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ON  THE  CHANGE  OF REFRANGIBILITY OF LIGHT.         387
times, &c., dispersed. This however must be excessively small; for the mean refrangibility of the dispersed light is usually much lower than the refrangibility of the active light, perhaps lower than that of any light capable of exciting the solution. However, generally some few of the dispersed rays would have a refrangibility sufficiently high to be dispersed again. But practically the intensity of the light twice dispersed in this manner would be so very small that it may safely be altogether disregarded.
224.    But by far the most striking point of contrast between the two phenomena, consists in the apparently instantaneous commencement and cessation of the illumination, in the case of internal dispersion, when the active light is admitted and cut off.    There is nothing to create the least suspicion of any appreciable duration in the effect.    When internal dispersion is exhibited by means of an electric spark, it appears no less momentary than the illumination of a landscape by a flash of lightning.    I have not attempted to determine whether any appreciable duration could be made out by means of a revolving mirror*.
225.    Then* appears to be no relation between the substances which exhibit a change of refrangibility and those which phosphoresce,  either  spontaneously, or  on  the  application  of heat. Thus the sulplnuvts of calcium and barium, on being examined for internal dispersion, were found to be insensible, as was also Iceland spar.    The last substance phosphoresced strongly on the application of heat.    So far as was examined, the minerals which did exhibit a change of refrangibility showed no special disposition to phosphoresce.    Sir David Brewater has remarked, that a specimen of fluor-spar which exhibited a blue light by internal disper-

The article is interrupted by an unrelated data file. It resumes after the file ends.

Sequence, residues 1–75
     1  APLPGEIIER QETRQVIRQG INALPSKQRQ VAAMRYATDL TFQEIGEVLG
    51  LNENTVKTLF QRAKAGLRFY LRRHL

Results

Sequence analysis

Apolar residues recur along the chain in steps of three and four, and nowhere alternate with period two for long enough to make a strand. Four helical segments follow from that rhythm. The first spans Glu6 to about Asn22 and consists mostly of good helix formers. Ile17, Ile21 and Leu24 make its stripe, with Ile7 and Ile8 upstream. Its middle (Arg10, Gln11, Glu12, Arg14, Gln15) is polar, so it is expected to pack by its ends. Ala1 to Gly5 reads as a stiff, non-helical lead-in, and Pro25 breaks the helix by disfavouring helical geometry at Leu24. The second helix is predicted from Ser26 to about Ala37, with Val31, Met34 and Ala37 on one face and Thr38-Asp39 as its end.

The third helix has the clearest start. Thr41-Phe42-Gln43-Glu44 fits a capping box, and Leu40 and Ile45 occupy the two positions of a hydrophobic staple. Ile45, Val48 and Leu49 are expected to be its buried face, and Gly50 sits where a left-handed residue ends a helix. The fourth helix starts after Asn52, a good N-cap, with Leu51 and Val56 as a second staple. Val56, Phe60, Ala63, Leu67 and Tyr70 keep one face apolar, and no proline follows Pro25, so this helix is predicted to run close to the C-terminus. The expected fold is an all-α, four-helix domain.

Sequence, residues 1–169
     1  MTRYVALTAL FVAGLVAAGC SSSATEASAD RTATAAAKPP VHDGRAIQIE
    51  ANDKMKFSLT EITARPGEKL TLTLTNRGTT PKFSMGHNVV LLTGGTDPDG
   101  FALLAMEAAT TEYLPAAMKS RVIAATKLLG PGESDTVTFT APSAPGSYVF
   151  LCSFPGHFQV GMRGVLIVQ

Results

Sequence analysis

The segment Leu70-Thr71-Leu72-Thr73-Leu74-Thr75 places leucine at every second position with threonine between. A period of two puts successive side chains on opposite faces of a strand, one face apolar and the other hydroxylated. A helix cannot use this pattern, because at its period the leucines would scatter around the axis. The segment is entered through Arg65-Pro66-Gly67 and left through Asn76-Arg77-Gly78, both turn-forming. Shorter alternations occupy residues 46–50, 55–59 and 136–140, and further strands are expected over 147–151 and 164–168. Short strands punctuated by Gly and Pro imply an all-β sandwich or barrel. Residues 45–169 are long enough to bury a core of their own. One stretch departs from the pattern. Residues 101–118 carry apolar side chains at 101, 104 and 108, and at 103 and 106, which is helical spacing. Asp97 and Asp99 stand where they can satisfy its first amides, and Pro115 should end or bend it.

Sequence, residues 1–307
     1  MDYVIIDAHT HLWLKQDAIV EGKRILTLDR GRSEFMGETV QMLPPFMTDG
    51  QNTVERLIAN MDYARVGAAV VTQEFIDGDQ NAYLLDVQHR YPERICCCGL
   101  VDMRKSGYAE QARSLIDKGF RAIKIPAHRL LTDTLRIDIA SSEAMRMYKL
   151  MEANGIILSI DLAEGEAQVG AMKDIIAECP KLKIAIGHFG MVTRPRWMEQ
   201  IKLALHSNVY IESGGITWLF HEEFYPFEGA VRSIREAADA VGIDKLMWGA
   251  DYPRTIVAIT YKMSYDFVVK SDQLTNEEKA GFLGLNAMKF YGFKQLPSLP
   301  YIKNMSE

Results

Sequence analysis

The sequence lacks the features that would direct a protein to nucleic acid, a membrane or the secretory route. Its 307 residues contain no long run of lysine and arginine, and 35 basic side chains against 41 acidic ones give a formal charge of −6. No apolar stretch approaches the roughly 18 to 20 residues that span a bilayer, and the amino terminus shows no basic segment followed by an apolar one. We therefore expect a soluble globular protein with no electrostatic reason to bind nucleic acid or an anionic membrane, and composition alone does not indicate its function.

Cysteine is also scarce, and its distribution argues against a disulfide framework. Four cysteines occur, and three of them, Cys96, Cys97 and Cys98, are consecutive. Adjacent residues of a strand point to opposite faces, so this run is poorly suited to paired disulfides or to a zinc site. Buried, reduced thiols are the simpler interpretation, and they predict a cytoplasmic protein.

* [Tlui experiment I had in my mind was to view in a revolving mirror the substance* to be examined while illuminated in a dark room by a succession of sparks from the prime conductor of an electrifying machine, taking one's chance for the caBiml appearance) of images iu the field of view. The experiment was afterwards tried with apparatus kindly lent me, but whether with sparks from a prime conductor or with an induction coil I am not now sure. Notwithstanding what M. Beequerel had in the mean time done with his beautiful phosphoroscope, the results obtained are not perhaps wholly without interest. Thus yellow uranite instead of its usual appearance showed a well-defined image of a very ordinary looking yellow stone and a long drawn out gleam of green light due of course to the fading phonphorescence.]
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